# Comparing decay of integrable and non integrable function

If we have two positive, decreasing functions $$f,g:[a,\infty)\to\mathbb{R}$$ such that $$\int_{a}^{\infty}f(x)\text{d}x<\infty\;\;\;\text{and}\;\;\;\int_{a}^{\infty}g(x)\text{d}x=\infty$$ can we infer that there exists a function $$\widehat{f}$$ with $$\widehat{f}(x)=f(x)$$ for almost all $$x$$, such that we have $$\lim_{x\to\infty}\frac{\widehat{f}(x)}{g(x)}=0$$?

Generally $$\lim_{x\to\infty}\frac{f(x)}{g(x)}=0$$ does not hold, a counterexample was provided here. But in this counterexample one can also choose a null set $$A$$, so that for $$\widehat{f}:= f\mathbb{1}_{A^C}$$ we have $$\lim_{x\to\infty}\frac{\widehat{f}(x)}{g(x)}=0$$.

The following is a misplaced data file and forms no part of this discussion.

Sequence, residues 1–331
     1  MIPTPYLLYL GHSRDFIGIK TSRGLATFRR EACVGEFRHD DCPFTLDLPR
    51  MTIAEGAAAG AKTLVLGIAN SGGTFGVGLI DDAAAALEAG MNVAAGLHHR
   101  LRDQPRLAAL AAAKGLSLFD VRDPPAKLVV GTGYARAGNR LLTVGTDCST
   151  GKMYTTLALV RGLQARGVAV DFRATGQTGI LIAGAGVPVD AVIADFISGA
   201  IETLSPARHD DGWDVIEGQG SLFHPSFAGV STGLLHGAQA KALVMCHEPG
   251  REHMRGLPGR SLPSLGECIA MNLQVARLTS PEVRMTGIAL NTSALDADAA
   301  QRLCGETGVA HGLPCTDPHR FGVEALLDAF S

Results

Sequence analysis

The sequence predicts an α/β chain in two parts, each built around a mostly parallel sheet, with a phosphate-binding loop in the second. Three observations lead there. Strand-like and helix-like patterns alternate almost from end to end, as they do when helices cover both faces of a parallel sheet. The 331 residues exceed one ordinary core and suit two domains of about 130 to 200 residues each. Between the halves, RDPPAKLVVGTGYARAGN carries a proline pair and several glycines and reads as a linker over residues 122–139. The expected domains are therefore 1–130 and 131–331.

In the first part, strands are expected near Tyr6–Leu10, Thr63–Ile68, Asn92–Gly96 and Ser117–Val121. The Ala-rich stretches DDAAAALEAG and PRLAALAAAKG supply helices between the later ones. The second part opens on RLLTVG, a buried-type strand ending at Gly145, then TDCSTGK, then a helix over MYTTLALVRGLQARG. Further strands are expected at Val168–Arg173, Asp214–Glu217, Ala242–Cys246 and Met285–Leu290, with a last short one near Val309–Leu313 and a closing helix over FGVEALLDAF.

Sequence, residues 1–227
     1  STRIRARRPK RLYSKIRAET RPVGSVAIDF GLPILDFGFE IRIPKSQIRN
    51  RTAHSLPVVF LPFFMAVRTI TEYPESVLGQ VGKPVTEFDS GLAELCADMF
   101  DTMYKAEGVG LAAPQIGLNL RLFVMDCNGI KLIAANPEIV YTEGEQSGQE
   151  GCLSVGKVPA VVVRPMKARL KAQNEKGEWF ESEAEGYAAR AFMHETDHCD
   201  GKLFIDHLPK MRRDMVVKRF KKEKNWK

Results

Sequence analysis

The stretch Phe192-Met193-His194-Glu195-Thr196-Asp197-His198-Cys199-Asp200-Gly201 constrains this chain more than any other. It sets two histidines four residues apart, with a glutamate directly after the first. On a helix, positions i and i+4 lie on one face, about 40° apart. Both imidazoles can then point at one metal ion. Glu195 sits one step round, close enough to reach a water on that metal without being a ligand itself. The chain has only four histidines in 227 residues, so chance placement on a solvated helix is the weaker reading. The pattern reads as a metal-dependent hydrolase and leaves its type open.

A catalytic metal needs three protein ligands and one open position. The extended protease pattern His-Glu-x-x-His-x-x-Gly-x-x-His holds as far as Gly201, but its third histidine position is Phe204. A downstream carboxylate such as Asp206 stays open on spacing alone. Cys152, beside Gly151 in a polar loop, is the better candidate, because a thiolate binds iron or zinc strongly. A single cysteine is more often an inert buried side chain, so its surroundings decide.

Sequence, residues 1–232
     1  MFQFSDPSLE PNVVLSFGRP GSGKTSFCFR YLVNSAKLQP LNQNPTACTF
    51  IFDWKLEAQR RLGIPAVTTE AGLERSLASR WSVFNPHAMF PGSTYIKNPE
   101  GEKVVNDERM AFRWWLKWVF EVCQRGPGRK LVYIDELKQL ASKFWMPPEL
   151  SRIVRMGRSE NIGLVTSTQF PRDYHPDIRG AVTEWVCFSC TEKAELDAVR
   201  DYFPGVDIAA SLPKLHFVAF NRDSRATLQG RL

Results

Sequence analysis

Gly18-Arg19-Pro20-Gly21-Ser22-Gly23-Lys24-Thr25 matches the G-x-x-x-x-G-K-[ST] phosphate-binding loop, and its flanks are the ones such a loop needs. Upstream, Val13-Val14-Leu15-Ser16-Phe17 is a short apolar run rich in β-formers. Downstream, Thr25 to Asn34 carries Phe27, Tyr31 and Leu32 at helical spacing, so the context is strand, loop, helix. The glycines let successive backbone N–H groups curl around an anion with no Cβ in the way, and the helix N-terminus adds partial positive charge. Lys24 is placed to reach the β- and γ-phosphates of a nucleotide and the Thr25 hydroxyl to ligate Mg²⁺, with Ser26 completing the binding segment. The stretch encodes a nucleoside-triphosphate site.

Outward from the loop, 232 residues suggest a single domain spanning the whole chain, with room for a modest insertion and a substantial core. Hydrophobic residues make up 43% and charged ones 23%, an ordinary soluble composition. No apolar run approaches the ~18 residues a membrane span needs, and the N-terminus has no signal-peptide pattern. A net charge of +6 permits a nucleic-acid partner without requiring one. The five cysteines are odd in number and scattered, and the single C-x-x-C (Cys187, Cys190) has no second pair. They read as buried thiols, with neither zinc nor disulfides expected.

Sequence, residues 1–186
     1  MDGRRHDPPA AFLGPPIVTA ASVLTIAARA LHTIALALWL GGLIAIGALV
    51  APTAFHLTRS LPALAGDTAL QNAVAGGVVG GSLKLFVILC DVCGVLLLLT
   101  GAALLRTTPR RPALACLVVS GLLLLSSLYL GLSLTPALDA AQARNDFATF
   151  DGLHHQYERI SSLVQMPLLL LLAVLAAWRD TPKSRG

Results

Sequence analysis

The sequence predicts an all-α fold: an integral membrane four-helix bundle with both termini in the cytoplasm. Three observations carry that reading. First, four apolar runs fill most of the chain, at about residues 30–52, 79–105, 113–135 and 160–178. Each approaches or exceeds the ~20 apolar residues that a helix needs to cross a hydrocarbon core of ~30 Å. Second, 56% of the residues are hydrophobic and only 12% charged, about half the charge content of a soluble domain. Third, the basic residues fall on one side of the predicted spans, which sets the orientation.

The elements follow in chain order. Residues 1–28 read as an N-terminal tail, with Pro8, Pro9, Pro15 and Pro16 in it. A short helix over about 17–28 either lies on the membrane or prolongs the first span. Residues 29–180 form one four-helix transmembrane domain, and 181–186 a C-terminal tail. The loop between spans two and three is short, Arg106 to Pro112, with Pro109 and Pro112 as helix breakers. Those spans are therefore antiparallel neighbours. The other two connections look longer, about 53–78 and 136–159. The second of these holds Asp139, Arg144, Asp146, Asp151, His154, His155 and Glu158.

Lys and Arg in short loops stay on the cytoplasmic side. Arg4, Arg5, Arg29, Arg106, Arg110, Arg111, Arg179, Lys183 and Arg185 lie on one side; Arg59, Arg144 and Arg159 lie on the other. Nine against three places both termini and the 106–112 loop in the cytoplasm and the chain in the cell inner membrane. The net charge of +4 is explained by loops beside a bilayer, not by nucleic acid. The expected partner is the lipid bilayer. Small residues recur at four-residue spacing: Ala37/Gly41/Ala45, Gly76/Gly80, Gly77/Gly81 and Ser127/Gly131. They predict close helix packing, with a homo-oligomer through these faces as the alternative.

• Oops, I missed "decreasing", sorry. Commented Mar 23, 2021 at 19:36

No. Take $$a=1$$. We'll have $$f(x) = \sum_{n=1}^\infty a_n1_{[n,n+1)}(x)$$ $$g(x) = \sum_{n=1}^\infty b_n1_{[n,n+1)}(x)$$ for decreasing sequences $$(a_n)_n,(b_n)_n$$. If $$\lim_{n \to \infty} \frac{a_n}{b_n} \not = 0$$, then there does not exist $$\widehat{f}$$ with what you want. Let $$a_n = \frac{1}{n^2}$$ and just choose $$(b_n)_n$$ to sometimes match $$a_n$$ and then stabilize for a while.